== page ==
Tuesday, February 15, 2011

The Ethics of Military Memorobilia

Victoria Cross on Ebay
A recent visit to a collectibles shop in Inglewood, Calgary had me amazed at the breadth of memorabilia, antiques and artifacts for sale.  Great War hat badges, Second World War patches, bayonets, and even a full North-West Mounted Police buffalo-fur-coat were all available for purchase.  Ebay is swarming with such artifacts as well, but one has to hesitate before laying down the cash for such items.  The question is one of provenance.  Where did all this militaria surface from?  The idea of some self-serving, cash-strapped, descendant, selling off their grand-parents memorabilia is sad in its own right, but sometimes these items are obtained through much more nefarious means.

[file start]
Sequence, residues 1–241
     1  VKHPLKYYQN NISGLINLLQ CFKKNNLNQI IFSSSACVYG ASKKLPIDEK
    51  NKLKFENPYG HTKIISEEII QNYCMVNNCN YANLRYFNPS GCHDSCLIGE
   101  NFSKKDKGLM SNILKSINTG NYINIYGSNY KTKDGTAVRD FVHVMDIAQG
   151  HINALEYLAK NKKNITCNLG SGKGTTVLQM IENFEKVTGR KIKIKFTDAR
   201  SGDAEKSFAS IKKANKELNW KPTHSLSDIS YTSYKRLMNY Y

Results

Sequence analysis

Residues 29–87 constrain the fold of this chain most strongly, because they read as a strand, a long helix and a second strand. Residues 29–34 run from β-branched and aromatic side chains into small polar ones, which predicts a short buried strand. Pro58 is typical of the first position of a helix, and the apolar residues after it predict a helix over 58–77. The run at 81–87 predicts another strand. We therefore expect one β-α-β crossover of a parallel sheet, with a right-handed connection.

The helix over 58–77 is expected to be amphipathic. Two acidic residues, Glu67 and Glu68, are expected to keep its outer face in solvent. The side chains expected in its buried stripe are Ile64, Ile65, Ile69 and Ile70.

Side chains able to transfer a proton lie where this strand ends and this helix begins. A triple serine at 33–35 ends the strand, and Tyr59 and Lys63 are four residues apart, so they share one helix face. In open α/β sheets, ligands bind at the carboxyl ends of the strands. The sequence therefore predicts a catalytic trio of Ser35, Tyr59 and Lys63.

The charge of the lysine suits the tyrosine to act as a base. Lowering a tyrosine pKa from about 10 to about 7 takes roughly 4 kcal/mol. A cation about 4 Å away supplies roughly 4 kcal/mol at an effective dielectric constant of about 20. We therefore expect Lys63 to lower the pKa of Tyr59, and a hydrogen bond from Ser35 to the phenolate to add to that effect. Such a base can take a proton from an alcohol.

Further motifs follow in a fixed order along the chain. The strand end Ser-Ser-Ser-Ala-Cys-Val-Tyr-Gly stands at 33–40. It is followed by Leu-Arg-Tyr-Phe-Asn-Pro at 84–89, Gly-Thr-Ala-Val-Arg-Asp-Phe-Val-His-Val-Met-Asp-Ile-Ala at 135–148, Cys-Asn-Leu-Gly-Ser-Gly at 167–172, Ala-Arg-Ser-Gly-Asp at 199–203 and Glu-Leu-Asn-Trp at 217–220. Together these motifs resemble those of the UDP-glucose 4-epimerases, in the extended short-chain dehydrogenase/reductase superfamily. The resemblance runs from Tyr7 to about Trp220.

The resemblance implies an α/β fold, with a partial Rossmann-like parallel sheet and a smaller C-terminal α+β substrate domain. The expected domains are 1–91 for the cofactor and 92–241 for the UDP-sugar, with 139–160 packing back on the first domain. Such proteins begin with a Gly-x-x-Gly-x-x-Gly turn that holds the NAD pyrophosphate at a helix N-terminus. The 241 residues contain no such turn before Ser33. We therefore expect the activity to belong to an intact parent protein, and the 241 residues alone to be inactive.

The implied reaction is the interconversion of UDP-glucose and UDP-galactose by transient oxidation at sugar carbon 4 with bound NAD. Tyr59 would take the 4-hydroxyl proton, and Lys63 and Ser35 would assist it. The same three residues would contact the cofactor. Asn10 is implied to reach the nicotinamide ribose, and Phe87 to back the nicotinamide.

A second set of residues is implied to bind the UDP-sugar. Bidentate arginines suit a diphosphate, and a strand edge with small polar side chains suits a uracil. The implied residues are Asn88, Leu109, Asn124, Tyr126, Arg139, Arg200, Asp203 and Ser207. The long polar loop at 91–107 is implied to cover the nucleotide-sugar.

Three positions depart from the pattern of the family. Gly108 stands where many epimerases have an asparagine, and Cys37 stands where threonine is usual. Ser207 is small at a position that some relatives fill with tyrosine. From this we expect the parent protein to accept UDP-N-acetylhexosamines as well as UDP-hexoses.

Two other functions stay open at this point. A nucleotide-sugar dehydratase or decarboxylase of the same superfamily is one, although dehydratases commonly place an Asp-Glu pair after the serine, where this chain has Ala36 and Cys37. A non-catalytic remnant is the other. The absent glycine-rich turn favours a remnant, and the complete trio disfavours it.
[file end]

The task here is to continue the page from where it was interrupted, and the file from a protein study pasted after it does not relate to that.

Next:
Statue of King Tut Recently Looted
A local slew of thefts from the Military Museums in Calgary is a case in point.  While the irony of a military museum having slack security is perhaps worth a chuckle, the loss of hundreds of articles of memorabilia, many of which were personalized awards and insignia, is no laughing matter.  Police have returned a number of articles, but some are inevitably gone to collectors for good.  One has to wonder at the logic of collectors of stolen artifacts.  Recent thefts of Egyptian antiquities are a further disturbing event, on arguably a greater scale.  Who wants to have a statue in their home which has essentially been stolen from the entire population of Egypt?  That there is a market for these kind of goods at all speaks to the depravity of a wealthy section of the population.

Military medals and memorabilia are certainly easier to sell than ancient artifacts, but the question remains the same.  Who wants a Victoria Cross which has been removed from its place as a symbol of sacrifice and remembrance?  Why cloister such artifacts in private collections and deny their rightful role and shared public meaning?
Military Museums, Calgary

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